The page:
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fields or any anarchist in general, this book answers numerous fundamental questions, including: - How anarchism theoretically applies to the environmental design fields, especially urban planning - The meaning of place within and outside of ownership/capitalist constructs - The true reasons behind why urban planners experience cognitive dissonance - What actually creates the greatest human meaning through physical design - What morality truly is outside of ownership constructs - The role of the planner and designer in an anarchist world The answers to these questions may also prove helpful to anyone involved in any kind of design project, intentional community creation, conflict resolution, or any other individual or collective endeavor.
Anarchist Urban Planning & Place Theory
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Sitte, Camillo. 1965. City Planning According to Artistic Principles. New York: Random House. Skeggs, Bev. 2005. The Making of Class and Gender through Visualizing Moral Subject Formation. Sociology. 39,5:965-982. Soja, Ed. 1997. Planning in/for Postmodernity. In Space and Social Theory: Interpreting Modernity and Post Modernity, ed. Georges Benko and Ulf Strohmayer. Malden, Mass.: Blackwell. Stein, Stanley M. and Thomas L. Harper. 1995. Out of the postmodern abyss: Preserving the rationale for liberal planning. Journal of Planning Education and Research. 14:233-44. Stein, Stanley M. and Thomas L. Harper. 2003. Power, Trust, and Planning. Journal of Planning Education and Research. 23:125. Sternberg, Robert J. 1997 Pathways to Psychology. Fort Worth: Harcourt Brace College Publishers. Strathern, Marilyn. 1985. Kinship and Economy: Constitutive Orders of a Provisional Kind. American Ethnologist. 12,2:191-209. Tagliaventi, Gabriele. 2006. The European Transect: An Organic Way for Architecture to Develop Towns, Cities, and Metropolises. Places. 18,1:46-52. Taylor, Nigel. 1998. Urban Planning Theory Since 1945. London: Sage Publications. Wekerle, Gerda R. and Carolyn Whitzman. 1995. Safe Cities: Guidelines for Planning Design and Management. New York: Van Nostrand Reinhold. Ward, Colin. 1990. Talking Houses. London: Freedom Press. Whyte, William H. 1980. The Social Life of Small Urban Spaces. Washington, D.C.: The Conservation Foundation. Yiftachel, Oren. 1999. Planning Theory at a Crossroad: The Third Oxford Conference. Journal of Planning Education and Research. 18:267-270. You Cant Blow Up a Social Relationship: The Anarchist Case Against Terrorism. . Tucson: See Sharp Press.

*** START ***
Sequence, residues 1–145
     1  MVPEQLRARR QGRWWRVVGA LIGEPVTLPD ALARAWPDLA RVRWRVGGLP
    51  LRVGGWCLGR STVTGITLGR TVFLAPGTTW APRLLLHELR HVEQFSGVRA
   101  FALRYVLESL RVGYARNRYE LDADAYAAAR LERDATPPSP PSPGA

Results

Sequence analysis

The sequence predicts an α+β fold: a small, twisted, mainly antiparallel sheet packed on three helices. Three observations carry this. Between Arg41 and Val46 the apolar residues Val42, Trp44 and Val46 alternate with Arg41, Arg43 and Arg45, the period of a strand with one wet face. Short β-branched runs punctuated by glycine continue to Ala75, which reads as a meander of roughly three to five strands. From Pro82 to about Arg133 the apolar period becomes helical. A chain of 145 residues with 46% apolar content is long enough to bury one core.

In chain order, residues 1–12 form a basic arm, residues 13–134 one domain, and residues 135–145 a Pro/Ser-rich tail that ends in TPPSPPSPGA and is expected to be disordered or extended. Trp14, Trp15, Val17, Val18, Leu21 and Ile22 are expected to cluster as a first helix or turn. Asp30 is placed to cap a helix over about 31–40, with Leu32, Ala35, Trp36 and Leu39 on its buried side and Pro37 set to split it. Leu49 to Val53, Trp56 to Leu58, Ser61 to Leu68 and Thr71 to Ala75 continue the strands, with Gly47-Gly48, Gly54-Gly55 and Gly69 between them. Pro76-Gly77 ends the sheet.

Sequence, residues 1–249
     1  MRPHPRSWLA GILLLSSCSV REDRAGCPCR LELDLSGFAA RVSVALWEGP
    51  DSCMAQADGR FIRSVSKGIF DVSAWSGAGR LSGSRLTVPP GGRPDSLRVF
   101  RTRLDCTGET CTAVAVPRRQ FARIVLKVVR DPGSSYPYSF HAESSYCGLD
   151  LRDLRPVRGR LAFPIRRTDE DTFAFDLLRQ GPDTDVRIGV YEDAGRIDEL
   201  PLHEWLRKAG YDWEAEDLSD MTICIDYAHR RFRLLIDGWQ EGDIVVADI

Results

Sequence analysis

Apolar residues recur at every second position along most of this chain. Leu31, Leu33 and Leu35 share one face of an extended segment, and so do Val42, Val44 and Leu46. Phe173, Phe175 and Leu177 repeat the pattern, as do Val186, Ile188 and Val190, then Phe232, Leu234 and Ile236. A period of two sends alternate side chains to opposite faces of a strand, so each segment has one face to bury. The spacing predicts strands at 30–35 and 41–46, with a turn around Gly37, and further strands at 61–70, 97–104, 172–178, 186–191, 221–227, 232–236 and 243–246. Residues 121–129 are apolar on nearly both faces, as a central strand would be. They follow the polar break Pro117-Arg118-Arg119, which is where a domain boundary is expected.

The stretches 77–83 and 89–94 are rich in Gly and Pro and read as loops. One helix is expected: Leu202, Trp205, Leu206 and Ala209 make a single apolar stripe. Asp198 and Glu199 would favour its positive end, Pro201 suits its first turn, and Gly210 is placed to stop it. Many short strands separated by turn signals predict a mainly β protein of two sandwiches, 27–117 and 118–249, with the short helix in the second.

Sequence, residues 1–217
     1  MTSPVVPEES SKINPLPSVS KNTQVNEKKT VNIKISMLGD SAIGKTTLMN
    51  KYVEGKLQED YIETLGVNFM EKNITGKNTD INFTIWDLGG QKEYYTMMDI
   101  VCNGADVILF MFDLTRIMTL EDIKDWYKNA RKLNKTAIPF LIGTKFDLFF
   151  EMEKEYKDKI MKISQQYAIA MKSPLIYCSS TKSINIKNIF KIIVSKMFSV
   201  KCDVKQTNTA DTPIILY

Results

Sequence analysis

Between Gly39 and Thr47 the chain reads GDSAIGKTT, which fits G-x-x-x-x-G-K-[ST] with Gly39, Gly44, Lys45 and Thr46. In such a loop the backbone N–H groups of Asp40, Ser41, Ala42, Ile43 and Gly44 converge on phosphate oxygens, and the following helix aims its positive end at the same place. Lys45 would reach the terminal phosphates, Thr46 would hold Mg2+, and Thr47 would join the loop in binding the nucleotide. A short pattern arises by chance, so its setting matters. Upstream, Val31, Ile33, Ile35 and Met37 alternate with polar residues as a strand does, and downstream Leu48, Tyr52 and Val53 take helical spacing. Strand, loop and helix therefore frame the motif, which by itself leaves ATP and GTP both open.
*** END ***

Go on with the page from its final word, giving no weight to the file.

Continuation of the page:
PREFACE Originally written as an academic text, I compiled this work in a zine form here for easy and inexpensive distribution within the anarchist community. I wrote the text to address and help solve many core theoretical problems within the field of specifically urban planning, but for any anarchist in general who might be reading this text, I believe that the concepts herein also provide a groundwork of theory that could be brought into literally any anarchist project, be it intentional community creation, conflict resolution, design projects, or any kind of advocacy endeavor. Working individually or as a collective, the concepts herein concerning morality and meaning creation may help you more fully realize your common values and increase your effectiveness. Also, as this work is so very field specific in nature, be aware that one may come across terms or concepts which may be foreign to the general reader. And though extensive definitions and explanations are included within the text, I can only imagine that there will still be instances when a field concept here or there might be outside the readers scope of understanding. In this edition, I include no glossary of any type, nor an index. If a further explanation is needed, I would encourage you to go online, look in a dictionary, or explore a public library. The project of this text began during my first year of college. I by happenstance found the book A Pattern Language (Alexander, et al 1977) on a coffee table in a public building. Of everyone I asked, no one claimed it, so I took it home and it, very literally, sparked the driving force within me to seek to understand what creates the greatest meaning for human beings through physical design. As I read it, I was captivated by the possibility of creating the most wonderful, amazing, and meaningful places imaginable, but reading that book also lead me to feel like there was something missing from their analysis. So my search continued. It has gone on for nearly twelve years now and this text is the culmination of that search. The journey toward the completed realization of this written work has been one of personal self-realization, too, as I found my own life to be a reflection of the larger society. In this journey, while concepts of religion, gender, capitalism, and morality itself in my personal life fell into critical dissection and analysis, simultaneously I could see the core constituents of these subjects to also be alive and well in the fields of planning and architecture of which I had so much passion and care for. I can only hope that as others read this, it will awaken in them selfrealizations and inner liberations also. The theories within this text are by no means complete, but perhaps hold some of the keys to a revolution in the fields of urban planning and design. These theories may help planners and designers understand the soup of discontent that they are currently in and to understand how, in theory, to get out. This text is primarily not about application, but about theory. I also hope that as academics and practitioners read, they will understand the path that they must take in our human evolution locally and as a global society, and then make moves to educate others and eventually eliminate the system for the total liberation of this planet and its people. Furthermore, a word of warning to the reader, in this work I use only gender neutral pronouns, which many people may not be accustomed to. As gender tends to be very much an oppressive construct, to move toward that world of complete liberation no male nor female pronouns are used herein. Admittedly,